|DA FONSECA SANTOS, MICHELLE - Universidad De Sao Paulo
|MOLLER, MILENE - Universidad De Sao Paulo
|BALDIN PINHEIRO, JOSE - Universidad De Sao Paulo
Submitted to: Journal of Crop Improvement
Publication Type: Peer Reviewed Journal
Publication Acceptance Date: 8/17/2017
Publication Date: 12/13/2017
Publication URL: https://handle.nal.usda.gov/10113/6472486
Citation: Da Fonseca Santos, M., Moller, M., Clough, S.J., Baldin Pinheiro, J. 2017. Heritability of agronomic traits correlated with reduced stink bug damage in an F2:3 soybean population derived from IAC-100. Journal of Crop Improvement. doi.org/10.1080/15427528.2017.1370404.
Interpretive Summary: Stink bugs are a serious pest to soybean in the US and Brazil, as well as other parts of the world. In Brazil, they are the most important insect pest on soybean. We crossed IAC-100, a resistant variety, with a susceptible variety to determine which phenotypic traits are associated with resistance. We found that the small seed size (as indicated by a lower weight of 100 seed) is linked tightly enough with resistance that this variable can be used to select resistance, when IAC-100 is the resistant parent in the study. This is of interest to soybean breeders who could select for stink bug resistance in populations derived from IAC-100 in the absence of the insect.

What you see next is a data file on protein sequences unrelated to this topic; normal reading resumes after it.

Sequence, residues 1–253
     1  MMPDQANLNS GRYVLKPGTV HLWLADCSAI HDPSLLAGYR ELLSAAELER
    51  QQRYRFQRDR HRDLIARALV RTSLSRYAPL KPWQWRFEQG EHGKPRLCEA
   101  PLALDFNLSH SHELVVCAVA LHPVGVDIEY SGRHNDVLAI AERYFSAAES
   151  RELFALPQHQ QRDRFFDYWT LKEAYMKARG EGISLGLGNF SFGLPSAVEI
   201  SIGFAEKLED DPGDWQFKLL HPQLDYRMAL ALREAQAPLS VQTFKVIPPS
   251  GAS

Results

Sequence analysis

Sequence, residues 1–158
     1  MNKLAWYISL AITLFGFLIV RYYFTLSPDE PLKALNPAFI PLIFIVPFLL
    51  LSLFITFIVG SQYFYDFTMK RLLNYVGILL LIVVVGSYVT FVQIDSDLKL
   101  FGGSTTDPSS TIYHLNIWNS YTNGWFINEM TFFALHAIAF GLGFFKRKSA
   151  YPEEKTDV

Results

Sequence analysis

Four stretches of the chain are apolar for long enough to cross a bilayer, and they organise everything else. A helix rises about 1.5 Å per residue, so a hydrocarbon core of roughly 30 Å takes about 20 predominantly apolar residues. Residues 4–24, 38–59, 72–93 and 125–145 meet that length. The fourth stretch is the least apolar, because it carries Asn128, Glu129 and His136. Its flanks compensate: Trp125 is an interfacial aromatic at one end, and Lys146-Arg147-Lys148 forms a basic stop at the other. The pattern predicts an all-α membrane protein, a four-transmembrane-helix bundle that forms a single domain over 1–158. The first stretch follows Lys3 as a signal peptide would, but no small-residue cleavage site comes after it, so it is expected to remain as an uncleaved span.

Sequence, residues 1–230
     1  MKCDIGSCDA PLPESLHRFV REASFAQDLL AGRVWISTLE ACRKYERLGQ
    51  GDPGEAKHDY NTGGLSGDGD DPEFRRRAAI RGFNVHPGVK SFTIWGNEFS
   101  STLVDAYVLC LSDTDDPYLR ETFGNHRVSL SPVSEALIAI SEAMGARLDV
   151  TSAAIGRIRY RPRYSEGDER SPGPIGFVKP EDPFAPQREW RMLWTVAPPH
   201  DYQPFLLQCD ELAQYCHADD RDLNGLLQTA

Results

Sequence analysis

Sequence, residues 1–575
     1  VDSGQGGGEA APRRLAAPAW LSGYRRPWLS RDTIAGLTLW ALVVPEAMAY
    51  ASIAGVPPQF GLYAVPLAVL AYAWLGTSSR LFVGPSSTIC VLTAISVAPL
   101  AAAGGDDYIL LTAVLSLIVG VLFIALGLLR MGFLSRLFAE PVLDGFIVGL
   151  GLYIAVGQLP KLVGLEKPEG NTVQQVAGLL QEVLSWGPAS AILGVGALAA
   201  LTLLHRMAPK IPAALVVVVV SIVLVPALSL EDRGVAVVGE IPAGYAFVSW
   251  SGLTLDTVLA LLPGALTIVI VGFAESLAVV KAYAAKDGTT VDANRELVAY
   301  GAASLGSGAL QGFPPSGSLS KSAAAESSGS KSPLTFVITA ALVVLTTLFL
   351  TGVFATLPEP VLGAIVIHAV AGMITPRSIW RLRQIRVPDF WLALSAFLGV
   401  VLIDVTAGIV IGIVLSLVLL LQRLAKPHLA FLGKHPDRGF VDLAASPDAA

Technical Abstract: In Brazil, some of the most important insect pests causing damage to soybean (Glycine max) are stink bugs. Soybean production would increase if varieties with enhanced resistance were developed. The aim of this work was to examine different traits associated with plant development, and yield-related traits, in an F2:3 soybean population in a stink bug-infested field, and to evaluate genetic parameters and correlations among those traits. The parents and progeny from 229 F2 plants developed by crossing a resistant cultivar (IAC-100) with a susceptible cultivar (CD-215) were evaluated in three replications in a single environment. Seven agronomic traits and eight indicators of insect resistance were measured. Except for lodging, the traits studied showed significant differences. The grain-filling period exhibited a positive genotypic correlation of 0.66 with hundred-seed weight, while a negative genotypic correlation of -0.53 was found between percent index of pod damage and weight of healthy seeds. In general, a shorter pod-filling period, lower weight of hundred-seeds, lower indices of pod damage and higher seed-yield per plant were phenotypic traits of genotypes resistant to these insects.